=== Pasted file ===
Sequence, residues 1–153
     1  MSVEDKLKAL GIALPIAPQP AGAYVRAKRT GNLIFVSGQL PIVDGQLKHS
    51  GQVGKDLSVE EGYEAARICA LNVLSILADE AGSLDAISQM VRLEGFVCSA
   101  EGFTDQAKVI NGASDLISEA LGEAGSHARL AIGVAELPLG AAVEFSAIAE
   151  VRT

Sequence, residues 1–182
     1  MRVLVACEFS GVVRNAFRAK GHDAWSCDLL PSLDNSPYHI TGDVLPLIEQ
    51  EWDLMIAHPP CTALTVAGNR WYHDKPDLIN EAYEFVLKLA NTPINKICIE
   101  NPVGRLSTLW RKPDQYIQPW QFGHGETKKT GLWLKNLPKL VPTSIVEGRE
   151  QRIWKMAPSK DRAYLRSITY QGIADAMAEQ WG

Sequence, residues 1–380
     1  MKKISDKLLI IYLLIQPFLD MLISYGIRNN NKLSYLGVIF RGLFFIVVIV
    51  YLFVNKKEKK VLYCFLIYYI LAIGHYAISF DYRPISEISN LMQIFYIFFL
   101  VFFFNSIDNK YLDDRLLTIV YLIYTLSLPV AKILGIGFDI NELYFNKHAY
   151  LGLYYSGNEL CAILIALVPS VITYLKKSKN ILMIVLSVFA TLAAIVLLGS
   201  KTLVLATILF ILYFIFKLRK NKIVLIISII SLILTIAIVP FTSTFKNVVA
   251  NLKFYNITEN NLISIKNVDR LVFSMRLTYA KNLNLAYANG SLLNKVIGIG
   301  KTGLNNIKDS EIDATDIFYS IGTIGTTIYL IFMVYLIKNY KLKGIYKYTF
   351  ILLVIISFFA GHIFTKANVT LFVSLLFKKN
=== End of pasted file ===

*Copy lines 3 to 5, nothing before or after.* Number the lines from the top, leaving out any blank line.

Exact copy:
    51  GQVGKDLSVE EGYEAARICA LNVLSILADE AGSLDAISQM VRLEGFVCSA
   101  EGFTDQAKVI NGASDLISEA LGEAGSHARL AIGVAELPLG AAVEFSAIAE
   151  VRT